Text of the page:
PGP is a widely-used public key encryption program (PGP is an acronym for "Pretty Good Privacy"). It is used to encrypt files so that only a designated recipient will be able to read them. It is commonly used to send sensitive information, such as passwords or credit card information, through electronic mail.
In order to use PGP, you'll need to have the recipient's public key. Each person's public key is unique and lets PGP encrypt the message in a way that only the key's owner will be able to decrypt. The nifty thing about public key encryption systems is that a person's public key can be used only for encrypting messages to that person; a separate, private, key is used for decrypting. This means that the public key can really be public: there's no need to try to keep it out of the hands of potential attackers because it will not help them break the code.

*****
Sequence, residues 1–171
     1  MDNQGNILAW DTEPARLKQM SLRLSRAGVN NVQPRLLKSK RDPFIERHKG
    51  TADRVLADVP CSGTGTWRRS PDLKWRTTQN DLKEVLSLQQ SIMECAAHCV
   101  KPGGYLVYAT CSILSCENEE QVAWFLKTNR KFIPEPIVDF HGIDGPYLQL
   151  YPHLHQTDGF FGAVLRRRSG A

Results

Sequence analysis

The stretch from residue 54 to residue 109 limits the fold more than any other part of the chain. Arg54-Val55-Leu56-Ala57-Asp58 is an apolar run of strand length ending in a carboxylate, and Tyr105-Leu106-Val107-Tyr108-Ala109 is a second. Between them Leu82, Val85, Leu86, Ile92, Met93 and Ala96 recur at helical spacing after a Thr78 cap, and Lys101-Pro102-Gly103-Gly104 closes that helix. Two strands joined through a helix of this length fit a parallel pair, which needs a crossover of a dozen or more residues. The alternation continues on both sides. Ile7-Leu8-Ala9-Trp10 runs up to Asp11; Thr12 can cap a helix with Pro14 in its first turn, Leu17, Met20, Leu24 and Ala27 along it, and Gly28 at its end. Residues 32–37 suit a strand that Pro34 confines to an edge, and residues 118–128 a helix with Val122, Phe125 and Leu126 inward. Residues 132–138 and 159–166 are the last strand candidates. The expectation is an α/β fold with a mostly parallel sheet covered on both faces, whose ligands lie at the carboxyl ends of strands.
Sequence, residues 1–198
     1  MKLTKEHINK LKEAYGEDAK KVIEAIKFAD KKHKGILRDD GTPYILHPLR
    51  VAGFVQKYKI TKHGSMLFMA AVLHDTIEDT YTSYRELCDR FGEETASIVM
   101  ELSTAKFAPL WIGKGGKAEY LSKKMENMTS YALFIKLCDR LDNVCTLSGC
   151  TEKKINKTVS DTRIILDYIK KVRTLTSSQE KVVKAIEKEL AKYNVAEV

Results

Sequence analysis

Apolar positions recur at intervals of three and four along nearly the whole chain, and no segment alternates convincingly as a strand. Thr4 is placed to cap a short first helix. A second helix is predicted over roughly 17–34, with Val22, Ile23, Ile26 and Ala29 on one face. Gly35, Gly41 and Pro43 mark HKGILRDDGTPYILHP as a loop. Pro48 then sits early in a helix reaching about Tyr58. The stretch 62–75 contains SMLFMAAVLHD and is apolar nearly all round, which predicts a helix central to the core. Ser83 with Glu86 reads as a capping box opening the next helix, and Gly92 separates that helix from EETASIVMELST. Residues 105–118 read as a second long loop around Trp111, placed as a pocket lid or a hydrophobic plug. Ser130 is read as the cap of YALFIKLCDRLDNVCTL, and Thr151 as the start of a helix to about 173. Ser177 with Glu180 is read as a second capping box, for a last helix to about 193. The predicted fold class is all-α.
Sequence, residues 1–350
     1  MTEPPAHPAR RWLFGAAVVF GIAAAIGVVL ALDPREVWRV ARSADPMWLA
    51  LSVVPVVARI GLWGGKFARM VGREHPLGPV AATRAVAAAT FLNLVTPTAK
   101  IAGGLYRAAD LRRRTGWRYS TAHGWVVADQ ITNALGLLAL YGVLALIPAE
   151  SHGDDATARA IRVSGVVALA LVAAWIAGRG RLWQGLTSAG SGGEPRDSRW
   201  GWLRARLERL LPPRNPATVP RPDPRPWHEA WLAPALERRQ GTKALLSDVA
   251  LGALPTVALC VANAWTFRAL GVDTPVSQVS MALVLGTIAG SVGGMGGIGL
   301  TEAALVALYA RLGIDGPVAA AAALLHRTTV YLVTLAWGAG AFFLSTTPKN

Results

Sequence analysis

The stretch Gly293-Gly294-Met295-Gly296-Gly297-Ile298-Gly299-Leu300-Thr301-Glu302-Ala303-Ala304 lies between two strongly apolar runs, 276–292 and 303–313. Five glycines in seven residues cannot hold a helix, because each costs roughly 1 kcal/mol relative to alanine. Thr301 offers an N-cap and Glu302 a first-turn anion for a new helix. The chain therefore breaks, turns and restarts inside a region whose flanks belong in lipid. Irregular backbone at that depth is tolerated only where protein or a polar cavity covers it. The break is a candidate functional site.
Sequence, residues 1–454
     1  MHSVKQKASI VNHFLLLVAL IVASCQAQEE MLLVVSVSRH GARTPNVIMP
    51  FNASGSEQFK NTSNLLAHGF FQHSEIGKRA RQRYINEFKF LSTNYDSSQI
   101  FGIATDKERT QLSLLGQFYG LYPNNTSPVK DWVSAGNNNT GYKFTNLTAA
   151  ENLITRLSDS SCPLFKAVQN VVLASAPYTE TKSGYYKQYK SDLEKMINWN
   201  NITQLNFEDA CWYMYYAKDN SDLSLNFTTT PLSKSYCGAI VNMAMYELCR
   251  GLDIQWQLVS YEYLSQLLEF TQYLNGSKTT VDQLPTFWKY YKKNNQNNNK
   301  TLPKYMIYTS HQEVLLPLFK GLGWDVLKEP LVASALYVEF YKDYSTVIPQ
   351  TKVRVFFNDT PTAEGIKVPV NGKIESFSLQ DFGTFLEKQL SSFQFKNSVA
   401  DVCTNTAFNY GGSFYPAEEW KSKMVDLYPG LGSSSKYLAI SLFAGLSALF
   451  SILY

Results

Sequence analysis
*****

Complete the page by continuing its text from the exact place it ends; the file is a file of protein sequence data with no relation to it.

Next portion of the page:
Free version of PGP
- Distributed by MIT. Available for Unix, Windows or Mac but can only be downloaded by US or Canadian citizens. Alternative sites that do not restrict downloads are available in other countries. One example is www.pgpi.org.
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